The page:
Virtuosic Latin choir packs Beall Hall

  • Jun 29, 2011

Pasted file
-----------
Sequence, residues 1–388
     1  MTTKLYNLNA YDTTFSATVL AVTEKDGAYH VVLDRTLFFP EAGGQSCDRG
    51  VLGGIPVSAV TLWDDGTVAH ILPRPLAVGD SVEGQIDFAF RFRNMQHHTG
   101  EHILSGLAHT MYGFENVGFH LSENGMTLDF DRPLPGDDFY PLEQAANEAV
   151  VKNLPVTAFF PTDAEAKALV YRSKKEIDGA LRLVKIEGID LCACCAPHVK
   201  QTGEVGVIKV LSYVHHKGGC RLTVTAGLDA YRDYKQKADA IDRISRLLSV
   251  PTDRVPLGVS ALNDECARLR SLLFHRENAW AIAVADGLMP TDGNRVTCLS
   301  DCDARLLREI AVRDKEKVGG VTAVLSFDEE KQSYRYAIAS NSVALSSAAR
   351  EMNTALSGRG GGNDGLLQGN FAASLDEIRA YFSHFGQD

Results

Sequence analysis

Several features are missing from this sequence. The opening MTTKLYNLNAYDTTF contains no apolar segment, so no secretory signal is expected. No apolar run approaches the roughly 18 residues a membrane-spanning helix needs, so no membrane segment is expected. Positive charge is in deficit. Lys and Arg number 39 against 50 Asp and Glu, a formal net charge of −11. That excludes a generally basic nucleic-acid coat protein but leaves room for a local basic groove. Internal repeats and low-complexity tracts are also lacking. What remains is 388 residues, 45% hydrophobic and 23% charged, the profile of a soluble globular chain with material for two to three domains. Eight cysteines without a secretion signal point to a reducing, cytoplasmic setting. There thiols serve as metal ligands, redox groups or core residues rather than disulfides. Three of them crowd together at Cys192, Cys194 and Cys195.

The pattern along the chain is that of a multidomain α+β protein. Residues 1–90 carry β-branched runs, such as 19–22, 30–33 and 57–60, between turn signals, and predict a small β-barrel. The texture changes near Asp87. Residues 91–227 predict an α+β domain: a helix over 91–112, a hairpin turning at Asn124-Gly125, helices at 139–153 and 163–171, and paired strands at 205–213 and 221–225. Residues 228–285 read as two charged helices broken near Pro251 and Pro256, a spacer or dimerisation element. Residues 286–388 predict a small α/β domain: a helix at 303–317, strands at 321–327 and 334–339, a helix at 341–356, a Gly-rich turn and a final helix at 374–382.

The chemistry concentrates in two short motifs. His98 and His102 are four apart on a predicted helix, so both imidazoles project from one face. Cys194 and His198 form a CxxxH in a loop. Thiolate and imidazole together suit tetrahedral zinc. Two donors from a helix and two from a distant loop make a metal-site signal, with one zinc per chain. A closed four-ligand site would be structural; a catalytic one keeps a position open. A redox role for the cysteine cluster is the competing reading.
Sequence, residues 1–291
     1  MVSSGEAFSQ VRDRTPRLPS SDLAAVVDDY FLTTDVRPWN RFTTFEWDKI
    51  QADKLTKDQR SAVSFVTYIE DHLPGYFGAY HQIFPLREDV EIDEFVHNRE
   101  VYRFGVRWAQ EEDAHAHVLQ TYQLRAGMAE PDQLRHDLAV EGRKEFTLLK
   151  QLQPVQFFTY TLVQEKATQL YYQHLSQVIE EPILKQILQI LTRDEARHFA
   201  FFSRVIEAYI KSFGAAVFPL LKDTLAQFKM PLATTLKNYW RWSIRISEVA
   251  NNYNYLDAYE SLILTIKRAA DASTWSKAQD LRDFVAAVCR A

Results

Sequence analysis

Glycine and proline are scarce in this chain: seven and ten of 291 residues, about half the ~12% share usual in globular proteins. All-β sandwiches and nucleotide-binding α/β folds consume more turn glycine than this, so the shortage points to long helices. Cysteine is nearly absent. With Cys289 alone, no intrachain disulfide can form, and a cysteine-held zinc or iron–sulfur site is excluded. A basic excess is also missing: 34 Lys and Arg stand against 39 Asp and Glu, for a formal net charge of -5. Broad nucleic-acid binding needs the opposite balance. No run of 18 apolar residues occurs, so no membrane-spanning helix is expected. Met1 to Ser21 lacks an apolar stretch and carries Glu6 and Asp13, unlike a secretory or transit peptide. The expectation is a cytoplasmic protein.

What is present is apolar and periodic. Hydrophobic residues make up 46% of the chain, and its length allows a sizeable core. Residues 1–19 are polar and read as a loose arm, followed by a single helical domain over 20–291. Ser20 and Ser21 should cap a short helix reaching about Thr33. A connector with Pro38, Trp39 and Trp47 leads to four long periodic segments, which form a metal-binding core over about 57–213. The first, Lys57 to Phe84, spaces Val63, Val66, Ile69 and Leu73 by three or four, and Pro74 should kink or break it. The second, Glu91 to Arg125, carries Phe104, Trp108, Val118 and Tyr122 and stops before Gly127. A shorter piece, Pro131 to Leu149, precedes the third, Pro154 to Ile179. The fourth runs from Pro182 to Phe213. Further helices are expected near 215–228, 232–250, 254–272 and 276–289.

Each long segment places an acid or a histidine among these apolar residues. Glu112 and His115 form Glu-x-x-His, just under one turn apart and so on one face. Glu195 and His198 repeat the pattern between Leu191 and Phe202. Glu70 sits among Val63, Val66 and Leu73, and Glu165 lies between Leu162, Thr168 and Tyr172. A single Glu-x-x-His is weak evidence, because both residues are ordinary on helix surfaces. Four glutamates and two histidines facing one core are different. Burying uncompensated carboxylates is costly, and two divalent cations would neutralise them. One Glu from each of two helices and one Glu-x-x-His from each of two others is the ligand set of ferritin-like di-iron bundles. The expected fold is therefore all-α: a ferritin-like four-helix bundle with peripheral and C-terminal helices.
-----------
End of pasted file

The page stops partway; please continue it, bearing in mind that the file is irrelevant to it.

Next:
From the Eugene Register-Guard Wednesday June 29 By Terry McQuilkin When Schola Cantorum de Venezuela first visited Eugene during the 2006 Oregon Bach Festival, audience members were mesmerized by the ensemble’s virtuosity, urgency and sheer energy. Thus it was no surprise that Beall Hall was completely full Saturday evening, when the chamber-choir contingent of Schola offered a program of contemporary works from the Americas. The 15 works on the program used a variety of texts, and translations were displayed unobtrusively above the stage. But for most of the pieces, the text was just a starting point: Conductor Maria Guinand’s 27 singers served as storytellers, not so much through the words themselves, but by the way they clothed these words in complex harmonies and rhythms, thick textures and bright timbres, often with accompanying choreography. In one case, there were really no words at all. Using vocables and animal sounds, Canadian composer Murray Schafer’s “Magic Songs” evoked an ancient (if imaginary) world where the primal relationship between human and animal/spirit world was celebrated communally. In one of the eight songs, “Chant to make the stones sing,” glissandos and thick tone clusters created an ethereal, spellbinding effect. Schola performed two works by Catalan-born Alberto Grau, the ensemble’s founder: “Abraham” from his “Magnificat,” in which rhythmic, repetitive incantations alternated with complex contrapuntal writing, and “Binnamma” which began fairly conventionally as a modern setting of a Catalan song, but morphed into frenzied, ritualistic chant. “La Fiesta de San Juan,” by Venezuelan composer Beatriz Bilbao, vividly portrays the joyous clamor of a three-day celebration that is an amalgam of Christian and pagan traditions and is characterized by endless drumming and dancing. Assistant conductor Pablo Morales led the ensemble effectively. Late in the program, the choir delivered a hypnotic performance of American composer Eric Whitacre’s most frequently performed work, “Cloudburst,” set to a text by Mexican poet Octavio Paz. Using finger snaps, piano and percussion, the composer proved remarkably effective in simulating a thunderstorm. The concert opened with two works in which the words and melodic lines — rather than the sonic effect — were of primary importance. The “Lacrimosa” from Cuban composer Calixto Álvarez’s “Requiem” combined harmonically straightforward choral writing with doleful laments that represent the mourning of Santería’s high priests. The fairly conventional “Psalm 114” by Argentine composer Roberto Caamaño, showcased the vibrant sound and clear enunciation of Guinand’s choir. The pair of works opening the second half had a folksonglike simplicity that contrasted with the athleticism of most of the evening’s fare. The sweet and charming “Cancion de la Molinera” by Venezuelan Antonio Estévez was followed by “Se equivocó la paloma,” a melancholic song by Argentine Carlos Guastavino. For much of the evening, I was dazzled by Schola’s technical prowess and vigor. But these two songs still linger in my mind for their unpretentious beauty and for the way they were delivered — with sincerity and heart. The ensemble will repeat the program on July 6 at Trinity Cathedral in Portland. Terry McQuilkin, an adjunct instructor of composition at the University of Oregon, reviews classical music for The Register-Guard.
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